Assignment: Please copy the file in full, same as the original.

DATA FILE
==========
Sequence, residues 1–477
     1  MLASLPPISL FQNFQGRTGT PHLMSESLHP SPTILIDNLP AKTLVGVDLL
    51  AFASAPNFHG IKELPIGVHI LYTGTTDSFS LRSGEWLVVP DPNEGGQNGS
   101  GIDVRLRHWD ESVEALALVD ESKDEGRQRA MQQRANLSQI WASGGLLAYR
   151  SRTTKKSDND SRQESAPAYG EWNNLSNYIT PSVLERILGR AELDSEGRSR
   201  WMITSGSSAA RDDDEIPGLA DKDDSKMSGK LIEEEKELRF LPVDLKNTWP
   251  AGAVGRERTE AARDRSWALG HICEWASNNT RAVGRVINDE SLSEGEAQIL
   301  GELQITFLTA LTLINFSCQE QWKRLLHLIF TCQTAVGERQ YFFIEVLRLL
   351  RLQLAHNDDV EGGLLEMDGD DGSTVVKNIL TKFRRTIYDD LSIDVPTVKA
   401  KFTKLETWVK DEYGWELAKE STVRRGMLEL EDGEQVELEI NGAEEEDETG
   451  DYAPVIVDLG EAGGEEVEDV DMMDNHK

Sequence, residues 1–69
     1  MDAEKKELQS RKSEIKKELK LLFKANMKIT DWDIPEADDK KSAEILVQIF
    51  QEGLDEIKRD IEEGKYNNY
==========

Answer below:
Sequence, residues 1–477
     1  MLASLPPISL FQNFQGRTGT PHLMSESLHP SPTILIDNLP AKTLVGVDLL
    51  AFASAPNFHG IKELPIGVHI LYTGTTDSFS LRSGEWLVVP DPNEGGQNGS
   101  GIDVRLRHWD ESVEALALVD ESKDEGRQRA MQQRANLSQI WASGGLLAYR
   151  SRTTKKSDND SRQESAPAYG EWNNLSNYIT PSVLERILGR AELDSEGRSR
   201  WMITSGSSAA RDDDEIPGLA DKDDSKMSGK LIEEEKELRF LPVDLKNTWP
   251  AGAVGRERTE AARDRSWALG HICEWASNNT RAVGRVINDE SLSEGEAQIL
   301  GELQITFLTA LTLINFSCQE QWKRLLHLIF TCQTAVGERQ YFFIEVLRLL
   351  RLQLAHNDDV EGGLLEMDGD DGSTVVKNIL TKFRRTIYDD LSIDVPTVKA
   401  KFTKLETWVK DEYGWELAKE STVRRGMLEL EDGEQVELEI NGAEEEDETG
   451  DYAPVIVDLG EAGGEEVEDV DMMDNHK

Sequence, residues 1–69
     1  MDAEKKELQS RKSEIKKELK LLFKANMKIT DWDIPEADDK KSAEILVQIF
    51  QEGLDEIKRD IEEGKYNNY